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Three days into his Miami honeymoon, New York Jewish Lenny meets tall, blonde Kelly. This confirms him in his opinion that he has made a serious mistake and he decides he wants Kelly instead. Her rich father is less than keen and lets everyone - including Lenny - know that he hates everything about him and the way he is going on. Written by
Jeremy Perkins <email@example.com>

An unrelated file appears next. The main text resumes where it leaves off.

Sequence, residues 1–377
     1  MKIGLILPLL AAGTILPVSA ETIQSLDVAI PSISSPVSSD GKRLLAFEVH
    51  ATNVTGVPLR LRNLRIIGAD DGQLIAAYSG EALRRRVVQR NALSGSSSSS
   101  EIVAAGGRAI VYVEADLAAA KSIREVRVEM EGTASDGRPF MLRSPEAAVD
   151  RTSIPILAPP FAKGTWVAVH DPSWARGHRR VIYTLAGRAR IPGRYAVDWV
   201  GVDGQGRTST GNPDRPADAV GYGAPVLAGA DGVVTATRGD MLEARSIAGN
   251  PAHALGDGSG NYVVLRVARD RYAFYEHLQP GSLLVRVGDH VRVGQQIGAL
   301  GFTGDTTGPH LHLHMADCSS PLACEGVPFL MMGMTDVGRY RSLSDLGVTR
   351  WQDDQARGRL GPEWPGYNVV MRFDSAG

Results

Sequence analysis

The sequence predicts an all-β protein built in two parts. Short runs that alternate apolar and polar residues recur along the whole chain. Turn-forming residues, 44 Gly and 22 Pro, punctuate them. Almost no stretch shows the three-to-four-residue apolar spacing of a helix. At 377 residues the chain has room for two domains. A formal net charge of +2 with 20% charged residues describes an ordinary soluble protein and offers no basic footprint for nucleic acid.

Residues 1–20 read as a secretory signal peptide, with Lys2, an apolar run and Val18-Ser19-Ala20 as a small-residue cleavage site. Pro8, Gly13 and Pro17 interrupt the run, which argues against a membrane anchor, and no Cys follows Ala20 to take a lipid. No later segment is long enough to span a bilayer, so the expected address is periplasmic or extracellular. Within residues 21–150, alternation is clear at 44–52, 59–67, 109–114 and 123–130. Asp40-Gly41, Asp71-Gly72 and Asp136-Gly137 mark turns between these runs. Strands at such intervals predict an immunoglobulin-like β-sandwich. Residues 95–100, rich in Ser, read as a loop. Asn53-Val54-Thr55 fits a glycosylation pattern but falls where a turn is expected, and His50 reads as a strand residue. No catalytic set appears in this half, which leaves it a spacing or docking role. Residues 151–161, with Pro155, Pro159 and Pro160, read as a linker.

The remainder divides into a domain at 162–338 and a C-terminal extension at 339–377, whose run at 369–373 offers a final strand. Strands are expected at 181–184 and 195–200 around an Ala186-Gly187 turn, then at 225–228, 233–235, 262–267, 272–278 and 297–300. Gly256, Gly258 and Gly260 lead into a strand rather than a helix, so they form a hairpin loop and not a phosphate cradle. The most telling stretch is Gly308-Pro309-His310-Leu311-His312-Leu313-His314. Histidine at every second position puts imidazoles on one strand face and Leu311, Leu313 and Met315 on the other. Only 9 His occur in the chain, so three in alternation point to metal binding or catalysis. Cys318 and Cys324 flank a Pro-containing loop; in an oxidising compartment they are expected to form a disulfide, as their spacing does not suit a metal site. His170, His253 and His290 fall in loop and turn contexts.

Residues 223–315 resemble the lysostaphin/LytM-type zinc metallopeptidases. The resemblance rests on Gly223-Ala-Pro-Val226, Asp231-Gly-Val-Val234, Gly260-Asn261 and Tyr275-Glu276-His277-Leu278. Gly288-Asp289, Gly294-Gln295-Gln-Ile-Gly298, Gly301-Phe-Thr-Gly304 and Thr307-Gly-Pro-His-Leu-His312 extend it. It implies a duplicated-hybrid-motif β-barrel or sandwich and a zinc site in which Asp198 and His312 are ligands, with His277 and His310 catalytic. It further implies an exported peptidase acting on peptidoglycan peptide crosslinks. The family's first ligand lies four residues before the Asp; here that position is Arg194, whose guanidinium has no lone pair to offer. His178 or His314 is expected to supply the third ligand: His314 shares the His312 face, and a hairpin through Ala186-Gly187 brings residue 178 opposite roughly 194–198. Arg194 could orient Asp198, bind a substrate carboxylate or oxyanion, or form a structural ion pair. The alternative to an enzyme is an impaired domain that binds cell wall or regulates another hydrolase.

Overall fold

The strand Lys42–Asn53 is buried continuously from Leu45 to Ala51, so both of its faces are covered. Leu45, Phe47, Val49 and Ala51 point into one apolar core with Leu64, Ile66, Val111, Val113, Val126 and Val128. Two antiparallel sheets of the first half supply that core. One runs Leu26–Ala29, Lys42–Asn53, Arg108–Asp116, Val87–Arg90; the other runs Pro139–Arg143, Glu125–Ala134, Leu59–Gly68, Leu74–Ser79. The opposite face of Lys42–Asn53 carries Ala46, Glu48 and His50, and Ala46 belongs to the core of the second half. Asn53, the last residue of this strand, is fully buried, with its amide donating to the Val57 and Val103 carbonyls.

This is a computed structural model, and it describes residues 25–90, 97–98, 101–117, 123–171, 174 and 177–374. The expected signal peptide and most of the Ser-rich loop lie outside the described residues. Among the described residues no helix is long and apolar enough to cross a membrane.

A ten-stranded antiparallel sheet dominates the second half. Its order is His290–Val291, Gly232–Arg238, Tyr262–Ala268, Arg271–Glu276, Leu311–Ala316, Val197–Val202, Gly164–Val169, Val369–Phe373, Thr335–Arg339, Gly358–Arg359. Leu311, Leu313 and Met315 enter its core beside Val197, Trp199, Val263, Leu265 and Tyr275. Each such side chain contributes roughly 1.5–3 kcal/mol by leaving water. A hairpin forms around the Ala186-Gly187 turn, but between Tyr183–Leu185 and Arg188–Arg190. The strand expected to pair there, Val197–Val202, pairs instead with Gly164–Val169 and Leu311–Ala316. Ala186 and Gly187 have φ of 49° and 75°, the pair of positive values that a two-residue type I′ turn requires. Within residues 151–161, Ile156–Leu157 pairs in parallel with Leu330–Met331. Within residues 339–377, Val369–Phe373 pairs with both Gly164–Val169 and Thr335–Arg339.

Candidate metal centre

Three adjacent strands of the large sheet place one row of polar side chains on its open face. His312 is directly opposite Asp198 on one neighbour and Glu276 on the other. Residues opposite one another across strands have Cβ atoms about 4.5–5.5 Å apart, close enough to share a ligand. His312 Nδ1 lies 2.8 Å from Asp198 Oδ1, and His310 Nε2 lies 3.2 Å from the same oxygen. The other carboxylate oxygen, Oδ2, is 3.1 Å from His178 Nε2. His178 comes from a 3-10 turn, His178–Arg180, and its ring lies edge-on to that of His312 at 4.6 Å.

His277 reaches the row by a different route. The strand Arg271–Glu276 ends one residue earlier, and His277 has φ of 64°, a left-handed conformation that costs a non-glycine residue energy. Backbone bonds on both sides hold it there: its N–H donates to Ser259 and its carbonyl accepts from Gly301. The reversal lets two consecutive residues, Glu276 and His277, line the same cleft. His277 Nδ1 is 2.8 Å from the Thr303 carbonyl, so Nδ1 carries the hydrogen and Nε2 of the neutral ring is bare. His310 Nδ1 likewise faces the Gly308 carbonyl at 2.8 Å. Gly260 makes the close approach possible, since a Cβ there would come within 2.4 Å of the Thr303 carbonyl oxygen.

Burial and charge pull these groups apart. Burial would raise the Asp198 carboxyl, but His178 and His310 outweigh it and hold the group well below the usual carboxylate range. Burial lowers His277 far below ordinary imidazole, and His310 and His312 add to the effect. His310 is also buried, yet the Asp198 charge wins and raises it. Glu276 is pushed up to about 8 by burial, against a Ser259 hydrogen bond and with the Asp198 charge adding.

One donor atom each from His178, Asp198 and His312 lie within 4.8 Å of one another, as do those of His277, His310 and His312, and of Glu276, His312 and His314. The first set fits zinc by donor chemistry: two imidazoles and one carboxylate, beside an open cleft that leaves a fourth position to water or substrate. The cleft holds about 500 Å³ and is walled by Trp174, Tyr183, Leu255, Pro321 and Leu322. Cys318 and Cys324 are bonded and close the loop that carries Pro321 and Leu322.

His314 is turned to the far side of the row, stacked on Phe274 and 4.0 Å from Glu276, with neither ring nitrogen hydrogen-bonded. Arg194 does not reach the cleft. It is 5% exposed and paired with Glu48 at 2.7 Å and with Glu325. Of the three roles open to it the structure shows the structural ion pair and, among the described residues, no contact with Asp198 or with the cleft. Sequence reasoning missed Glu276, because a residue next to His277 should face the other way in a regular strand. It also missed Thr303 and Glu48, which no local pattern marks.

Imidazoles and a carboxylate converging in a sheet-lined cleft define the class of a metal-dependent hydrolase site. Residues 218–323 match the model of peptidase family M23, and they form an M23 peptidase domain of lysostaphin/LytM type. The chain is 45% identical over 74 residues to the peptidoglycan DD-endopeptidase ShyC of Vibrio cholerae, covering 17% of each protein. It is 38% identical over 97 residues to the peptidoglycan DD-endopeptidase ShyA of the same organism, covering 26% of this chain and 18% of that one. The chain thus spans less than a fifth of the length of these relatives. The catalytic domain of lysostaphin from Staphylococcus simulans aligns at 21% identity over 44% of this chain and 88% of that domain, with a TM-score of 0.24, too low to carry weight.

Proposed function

James Grodin's Character of Lenny in "The Heartbreak Kid" is one of the most peculiar characters you'll likely encounter on film. Despicable, outrageous and an audacious liar. He's obnoxious in his determination to get what he thinks he wants and yet somehow comes across as sincere and likable. This whole film is also one of the most peculiar comedies to come along. I found myself alternating between laughs and uncomfortable winces at his utter insensitivity and selfish determination, but it's this dichotomy of emotions that make The Heartbreak Kid the obscure gem that it is. I don't think we can ever be sure if we should like or hate this guy. Two scenes in this movie: "laying his cards on the table" over drinks with Kelly and her parents and the breakup scene in the restaurant with Lila, are a sight to behold. Eddie Albert's, Jeannie Berlin's and Cybill Shepherd's facial expressions are priceless as they listen to Lenny's plans to claim Kelly after remedying his current "complication". The scene in the restaurant as Lenny tries to "drop the bomb" on Lila would be funny if it wasn't so painful to watch. I've never been quite sure about the final scene of this movie: Lenny on the couch, quietly humming to himself, seemingly at a loss as the camera lingers on him for a thoughtful moment, is he already on his way to becoming dissatisfied again now that he has attained his desire or has he finally found some peace after his battle for Kelly? This is an unusual comedy well worth a look. If you can find it.
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